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Doctor Zhivago (1957)

by Boris Pasternak

Other authors: See the other authors section.

MembersReviewsPopularityAverage ratingConversations / Mentions
9,567128589 (3.87)1 / 615
First published in Italy in 1957 amid international controversy, Doctor Zhivago is the story of the life and loves of a poet-physician during the turmoil of the Russian Revolution. Taking his family from Moscow to what he hopes will be shelter in the Ural Mountains, Yuri Zhivago finds himself instead embroiled in the battle between the White Army and the Bolshevik Reds of the Russian civil war. Set against this backdrop of cruelty and strife is Zhivago's love for the tender and beautiful Lara, the very embodiment of the pain and chaos of those cataclysmic times.… (more)
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» See also 615 mentions

English (115)  French (3)  Yiddish (2)  Hebrew (2)  Italian (2)  Spanish (2)  Dutch (1)  Catalan (1)  All languages (128)
Showing 1-5 of 115 (next | show all)
Yuri Zhivago se relaciona com duas mulheres, sua esposa Tonya e sua amante Lara. Sobre o pano de fundo da Primeira Guerra Mundial, da Revolução Bolchevique e a subsequente guerra civil na Rússia vemos o impacto da história sobre os personagens.

Zhivago luta para manter sua individualidade em um momento em que os indivíduos são considerados como buchas de sacrifício pela Rússia czarista em sua guerra contra a Alemanha, enquanto aqueles que sobrevivem se veem empurrados para uma sociedade incipiente, governada pelos bolcheviques que consideram conceitos como individualismo como ultrapassado e perigoso.

Zhivago e aqueles próximos a ele são meros atores na enorme convulsão social em que estão sendo arrastados, mas Pasternak os tira da obscuridade para dissecar suas psiques e colocar uma perspectiva humana nos tempos em que vivem. Enquanto milhões morrem durante guerras e fome, Zhivago fica dividido entre seu amor por Tonya e Lara e as traições que isso inevitavelmente traz. ( )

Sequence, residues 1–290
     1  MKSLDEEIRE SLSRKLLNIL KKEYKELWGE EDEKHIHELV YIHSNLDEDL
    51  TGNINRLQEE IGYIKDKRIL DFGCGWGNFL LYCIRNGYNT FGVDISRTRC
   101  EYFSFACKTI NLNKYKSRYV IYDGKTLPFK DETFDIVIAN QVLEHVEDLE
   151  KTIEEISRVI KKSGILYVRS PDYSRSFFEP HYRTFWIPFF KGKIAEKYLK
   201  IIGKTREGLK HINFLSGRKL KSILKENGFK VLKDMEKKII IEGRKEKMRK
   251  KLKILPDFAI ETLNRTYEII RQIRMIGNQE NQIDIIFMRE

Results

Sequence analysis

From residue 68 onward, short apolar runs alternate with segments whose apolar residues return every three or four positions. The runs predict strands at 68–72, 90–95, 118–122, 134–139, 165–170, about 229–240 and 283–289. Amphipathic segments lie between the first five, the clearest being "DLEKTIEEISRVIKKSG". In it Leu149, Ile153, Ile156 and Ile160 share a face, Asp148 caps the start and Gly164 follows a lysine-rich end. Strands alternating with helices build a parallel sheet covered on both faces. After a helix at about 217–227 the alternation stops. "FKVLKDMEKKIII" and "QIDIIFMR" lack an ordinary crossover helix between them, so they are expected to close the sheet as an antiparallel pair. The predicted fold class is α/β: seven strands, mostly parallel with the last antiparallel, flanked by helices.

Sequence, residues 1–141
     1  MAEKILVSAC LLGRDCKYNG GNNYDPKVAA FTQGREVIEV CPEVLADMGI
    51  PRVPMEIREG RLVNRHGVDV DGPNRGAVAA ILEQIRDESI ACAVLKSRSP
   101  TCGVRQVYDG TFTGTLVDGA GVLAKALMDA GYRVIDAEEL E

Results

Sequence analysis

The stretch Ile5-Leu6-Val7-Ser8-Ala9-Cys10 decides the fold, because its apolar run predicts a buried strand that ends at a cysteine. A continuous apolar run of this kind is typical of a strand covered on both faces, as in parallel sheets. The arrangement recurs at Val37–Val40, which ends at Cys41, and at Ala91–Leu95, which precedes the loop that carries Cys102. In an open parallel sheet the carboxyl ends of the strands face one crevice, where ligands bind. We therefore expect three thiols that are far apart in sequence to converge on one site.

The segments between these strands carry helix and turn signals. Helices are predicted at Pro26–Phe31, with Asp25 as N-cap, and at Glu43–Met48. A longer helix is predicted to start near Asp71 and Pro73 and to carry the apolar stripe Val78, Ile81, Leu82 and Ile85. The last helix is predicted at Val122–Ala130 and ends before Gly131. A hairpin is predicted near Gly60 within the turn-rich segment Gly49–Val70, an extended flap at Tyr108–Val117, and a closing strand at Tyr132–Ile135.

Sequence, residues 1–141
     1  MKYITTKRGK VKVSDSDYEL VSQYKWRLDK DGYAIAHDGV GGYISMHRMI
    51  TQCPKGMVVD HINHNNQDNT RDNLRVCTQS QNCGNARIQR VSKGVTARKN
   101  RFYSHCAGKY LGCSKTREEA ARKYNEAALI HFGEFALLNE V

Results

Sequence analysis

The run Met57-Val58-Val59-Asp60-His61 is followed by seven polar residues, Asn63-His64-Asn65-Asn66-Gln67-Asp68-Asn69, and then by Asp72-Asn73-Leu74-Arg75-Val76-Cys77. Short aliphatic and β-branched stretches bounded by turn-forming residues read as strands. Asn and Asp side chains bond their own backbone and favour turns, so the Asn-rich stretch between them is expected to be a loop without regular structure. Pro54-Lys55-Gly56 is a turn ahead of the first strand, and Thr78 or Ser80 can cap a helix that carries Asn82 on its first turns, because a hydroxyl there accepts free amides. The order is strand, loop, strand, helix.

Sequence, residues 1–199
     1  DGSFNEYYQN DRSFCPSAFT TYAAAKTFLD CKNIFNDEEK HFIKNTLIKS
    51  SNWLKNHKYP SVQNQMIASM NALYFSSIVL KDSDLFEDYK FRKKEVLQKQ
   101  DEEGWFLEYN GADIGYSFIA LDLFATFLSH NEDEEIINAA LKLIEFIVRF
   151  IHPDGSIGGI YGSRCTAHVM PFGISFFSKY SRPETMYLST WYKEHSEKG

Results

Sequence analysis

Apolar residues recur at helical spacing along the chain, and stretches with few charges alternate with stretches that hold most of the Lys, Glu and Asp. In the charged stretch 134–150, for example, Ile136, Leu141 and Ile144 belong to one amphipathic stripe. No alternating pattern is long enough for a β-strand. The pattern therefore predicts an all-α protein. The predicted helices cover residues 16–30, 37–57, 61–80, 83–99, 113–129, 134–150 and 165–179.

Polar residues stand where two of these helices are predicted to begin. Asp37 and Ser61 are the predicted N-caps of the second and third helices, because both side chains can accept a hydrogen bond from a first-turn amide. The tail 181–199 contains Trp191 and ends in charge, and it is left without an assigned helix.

Marcos_Augusto | Sep 17, 2021 |
A book of intense, atmospheric moments set against the tumultuous backdrop of 20th century Russian history. Although worthy of being regarded a classic, this didn't feel like anything in the thread of Tolstoy or Dostoyevsky. I tend to prefer novels that do more with fewer characters rather than the oversprawling saga as written. I haven't seen the movie, but maybe that cuts to the heart of the story more directly. ( )
  albertgoldfain | Aug 22, 2021 |
More than 50% through and I’m officially DNFing this book. I’m not interested in the characters, their motivations, the politics, or the posturing & drama. A bit confusing to read, especially in the beginning. I’m disappointed that this didn’t work out for me because I’ve heard about the movie (which I also was not a fan of) since I was a kid.

It didn’t work out for me, but I hope it works for someone else!

*All thoughts and opinions are my own.* ( )
  The_Literary_Jedi | Aug 18, 2021 |
Classics
  hpryor | Aug 8, 2021 |
Reading the novel Dr. Zhivago with memories of Dr. Zhivago the movie will cause you to misunderstand what is going on. This is not the tragic love story portrayed by movie stars. Pasternak is painting a different picture. His characters are of two types. The first, vividly described like individual leaves in the sunlight or the rain, appear only briefly and then are gone. Some of these may reappear much later, as they fall from their branches. The second, such as Zhivago, Lara, and Tonia, flow through the novel acting as the trees, giving it the hint of a plot allowing the reader to wander through the landscape. But it is the forest that is important, the overall chaos of the Russian revolution. The love story is between Pasternak and Russia itself, and is told in the only way such a huge story could be told.
Surprisingly, for such a masterpiece, this book seems to break all the rules of good writing taught to modern authors. Its omniscient point of view allows Pasternak to tell instead of show, although he wraps his philosophical, political, and religious lectures within dialogue. It doesn’t seem to matter much who is speaking. You must figure it out from the context. Along with the lectures comes another common feature of Russian novels, the names. However, the biggest fault with my copy was the translation. Translating poetry is an almost futile task, and Pasternak’s descriptions of people and places are overwhelmingly poetical. Therefore, once in a while the translation is too literal with very odd results that could not possibly be what the author intended.